Wednesday, June 30, 2010

Boondocking and Birding Trails

Backroads Information:  Boondocking on Birding Trails

I started bird watching in my late teens and continue to enjoy it.

The Duck Stamp program started in the 1930's to buy up marshes and manage them for duck hunting.  Hunters and fishermen lobbied Congress to pass the Pittman-Robertson Act in 1937 which levied an 11% tax on all fishing and hunting equipment for management of wildlife species.

This act has resulted in millions of acres of land being purchased and made available for camping and exploring.  These are some of my favorite haunting grounds.  Hunting and fishing have fallen in popularity for the past 50 years, so it is more difficult to find information on many of these sites.  However, in recent years these areas have become popular with bird watchers; and they have started to publish guides on many areas.

These guides are generally called birding trails.   They give a set of directions, descriptions, and amenities offered on these lands.  The have become the "scenic byways guides to wildlife areas"!  They even include some state parks camping information in the guides.  Some of them are free, while others have a small fee associated with them.  Nearly all of them are published by non-profit organizations.

It appears that every state is in the process of completing birding trail guides.  Just do a Google search and use the following format:  STATE NAME birding trail guides.

Almost all guides give specific directions, information on whether camping is allowed and notes on both campgrounds and dispersed areas close by with agency contacts and phone numbers so you can obtain additional information.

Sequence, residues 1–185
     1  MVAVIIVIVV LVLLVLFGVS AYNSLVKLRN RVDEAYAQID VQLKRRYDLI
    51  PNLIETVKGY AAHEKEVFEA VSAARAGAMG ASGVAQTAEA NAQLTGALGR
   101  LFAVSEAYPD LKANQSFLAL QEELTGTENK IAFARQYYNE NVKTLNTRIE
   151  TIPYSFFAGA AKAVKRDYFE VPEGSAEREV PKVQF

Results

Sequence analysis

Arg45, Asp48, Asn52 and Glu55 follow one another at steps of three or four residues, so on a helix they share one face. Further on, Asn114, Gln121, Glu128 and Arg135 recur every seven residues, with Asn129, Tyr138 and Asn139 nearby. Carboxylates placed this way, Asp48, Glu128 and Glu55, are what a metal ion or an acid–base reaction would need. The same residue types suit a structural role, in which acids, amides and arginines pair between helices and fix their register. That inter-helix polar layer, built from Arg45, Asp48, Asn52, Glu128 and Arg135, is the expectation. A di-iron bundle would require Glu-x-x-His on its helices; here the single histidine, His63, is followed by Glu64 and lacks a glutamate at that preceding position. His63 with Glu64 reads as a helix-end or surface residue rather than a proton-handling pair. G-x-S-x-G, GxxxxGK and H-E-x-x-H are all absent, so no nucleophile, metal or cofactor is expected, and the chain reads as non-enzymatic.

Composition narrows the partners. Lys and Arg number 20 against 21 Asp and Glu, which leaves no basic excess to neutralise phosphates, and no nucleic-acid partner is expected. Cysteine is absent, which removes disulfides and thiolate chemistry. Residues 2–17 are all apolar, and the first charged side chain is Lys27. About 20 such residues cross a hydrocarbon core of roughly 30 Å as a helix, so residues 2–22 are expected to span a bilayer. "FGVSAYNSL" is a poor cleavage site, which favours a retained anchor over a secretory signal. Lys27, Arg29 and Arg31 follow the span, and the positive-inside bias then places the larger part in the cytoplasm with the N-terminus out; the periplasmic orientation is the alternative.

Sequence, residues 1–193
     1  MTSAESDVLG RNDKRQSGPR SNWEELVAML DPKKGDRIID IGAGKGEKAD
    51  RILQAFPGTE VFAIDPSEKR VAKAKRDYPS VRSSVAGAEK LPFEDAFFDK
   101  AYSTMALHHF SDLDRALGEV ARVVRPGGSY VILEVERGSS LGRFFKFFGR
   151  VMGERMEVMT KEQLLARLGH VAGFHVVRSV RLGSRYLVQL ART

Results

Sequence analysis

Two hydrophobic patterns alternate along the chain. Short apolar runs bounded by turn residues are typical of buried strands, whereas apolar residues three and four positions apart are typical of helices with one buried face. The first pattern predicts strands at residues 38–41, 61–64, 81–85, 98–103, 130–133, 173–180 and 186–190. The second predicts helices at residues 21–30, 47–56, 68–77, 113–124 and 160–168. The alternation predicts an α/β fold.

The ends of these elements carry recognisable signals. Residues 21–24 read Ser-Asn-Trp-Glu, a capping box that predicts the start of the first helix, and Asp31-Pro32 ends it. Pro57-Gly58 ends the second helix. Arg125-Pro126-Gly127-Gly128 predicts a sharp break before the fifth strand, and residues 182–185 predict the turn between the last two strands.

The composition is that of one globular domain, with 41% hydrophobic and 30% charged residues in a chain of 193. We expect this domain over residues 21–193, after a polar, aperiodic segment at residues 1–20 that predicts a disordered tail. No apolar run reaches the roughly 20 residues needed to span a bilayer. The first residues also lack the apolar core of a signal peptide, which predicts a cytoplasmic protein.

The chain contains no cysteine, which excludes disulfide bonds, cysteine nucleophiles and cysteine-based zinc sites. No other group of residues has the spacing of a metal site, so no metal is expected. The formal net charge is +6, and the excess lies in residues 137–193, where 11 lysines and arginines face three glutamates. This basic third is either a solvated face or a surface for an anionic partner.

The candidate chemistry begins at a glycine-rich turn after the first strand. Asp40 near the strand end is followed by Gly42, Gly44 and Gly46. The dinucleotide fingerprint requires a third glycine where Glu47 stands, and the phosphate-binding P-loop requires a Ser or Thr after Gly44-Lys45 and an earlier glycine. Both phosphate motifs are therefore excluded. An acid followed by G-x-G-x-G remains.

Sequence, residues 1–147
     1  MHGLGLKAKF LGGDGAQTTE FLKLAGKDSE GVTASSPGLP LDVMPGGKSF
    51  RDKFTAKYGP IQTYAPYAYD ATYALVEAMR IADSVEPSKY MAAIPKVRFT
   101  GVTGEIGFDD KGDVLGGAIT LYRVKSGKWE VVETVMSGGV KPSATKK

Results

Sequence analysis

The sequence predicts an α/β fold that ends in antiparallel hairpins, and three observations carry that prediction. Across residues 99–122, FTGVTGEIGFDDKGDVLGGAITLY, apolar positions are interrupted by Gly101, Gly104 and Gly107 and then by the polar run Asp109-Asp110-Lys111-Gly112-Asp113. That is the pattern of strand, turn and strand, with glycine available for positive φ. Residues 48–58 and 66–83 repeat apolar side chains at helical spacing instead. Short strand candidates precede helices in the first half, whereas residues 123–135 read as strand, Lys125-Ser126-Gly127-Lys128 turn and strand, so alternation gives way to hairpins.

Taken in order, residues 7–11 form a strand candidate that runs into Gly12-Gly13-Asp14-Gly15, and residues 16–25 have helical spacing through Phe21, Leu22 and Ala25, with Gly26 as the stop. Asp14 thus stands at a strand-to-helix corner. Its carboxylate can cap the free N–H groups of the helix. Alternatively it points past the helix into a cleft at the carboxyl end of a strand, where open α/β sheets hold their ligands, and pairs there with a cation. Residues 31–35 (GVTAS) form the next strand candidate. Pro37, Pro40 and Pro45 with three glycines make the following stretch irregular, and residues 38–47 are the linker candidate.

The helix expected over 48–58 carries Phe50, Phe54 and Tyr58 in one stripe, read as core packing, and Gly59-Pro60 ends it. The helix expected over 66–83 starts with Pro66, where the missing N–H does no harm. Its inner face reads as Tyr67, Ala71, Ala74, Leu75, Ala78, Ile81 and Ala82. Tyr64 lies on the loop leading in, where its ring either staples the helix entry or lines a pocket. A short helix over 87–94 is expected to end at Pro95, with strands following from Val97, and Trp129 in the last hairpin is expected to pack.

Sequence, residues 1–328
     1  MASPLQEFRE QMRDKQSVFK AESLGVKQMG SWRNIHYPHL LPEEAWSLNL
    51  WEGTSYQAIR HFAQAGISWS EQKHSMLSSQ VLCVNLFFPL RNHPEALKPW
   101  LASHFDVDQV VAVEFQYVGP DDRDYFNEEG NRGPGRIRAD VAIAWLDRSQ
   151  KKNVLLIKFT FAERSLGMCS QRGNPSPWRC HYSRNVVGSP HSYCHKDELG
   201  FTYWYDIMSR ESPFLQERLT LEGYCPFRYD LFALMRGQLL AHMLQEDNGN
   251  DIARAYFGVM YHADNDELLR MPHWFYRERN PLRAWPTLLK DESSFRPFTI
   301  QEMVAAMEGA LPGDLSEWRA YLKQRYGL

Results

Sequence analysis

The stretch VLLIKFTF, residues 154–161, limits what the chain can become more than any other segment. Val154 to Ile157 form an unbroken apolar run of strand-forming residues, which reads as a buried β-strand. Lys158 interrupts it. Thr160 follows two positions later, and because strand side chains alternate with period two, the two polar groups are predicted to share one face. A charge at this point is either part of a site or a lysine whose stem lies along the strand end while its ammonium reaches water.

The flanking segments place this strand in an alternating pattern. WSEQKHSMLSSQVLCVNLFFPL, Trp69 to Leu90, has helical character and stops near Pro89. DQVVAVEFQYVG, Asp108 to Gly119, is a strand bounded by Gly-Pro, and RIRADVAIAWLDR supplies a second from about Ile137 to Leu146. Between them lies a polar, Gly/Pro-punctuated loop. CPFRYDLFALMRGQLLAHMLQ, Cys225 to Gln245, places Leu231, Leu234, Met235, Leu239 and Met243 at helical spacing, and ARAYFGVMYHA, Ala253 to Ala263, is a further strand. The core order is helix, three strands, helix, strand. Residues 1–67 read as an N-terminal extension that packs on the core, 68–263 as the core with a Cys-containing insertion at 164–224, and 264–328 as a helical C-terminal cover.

Here is the link to the guides in Oregon.  You can download these and use them for exploring.     Oregon Birding Trail Guide Site

They can be used as guided tours to the natural areas of the states.  Drive from site to site and you will get an appreciation of the natural history of these areas and insight about how these areas came to be.   You will find great boondocking locations, fishing, and canoeing or kayaking sites.  Oh yeah, there is also some great birdwatching around!

I spend quite a bit of time bird watching in the fall when I take a special friend out with me.  He POINTS out all the interesting birds in the area.  And in the evening, we have pheasant cooked French style with sauce and wild rice.  All of it washed down with some of the famous Eastern Washington wine.  Red, thank you and the more robust the better.  Give me a couple of weeks of boondocking in October with my shotgun and my bird dog.  It doesn't get any better than that!

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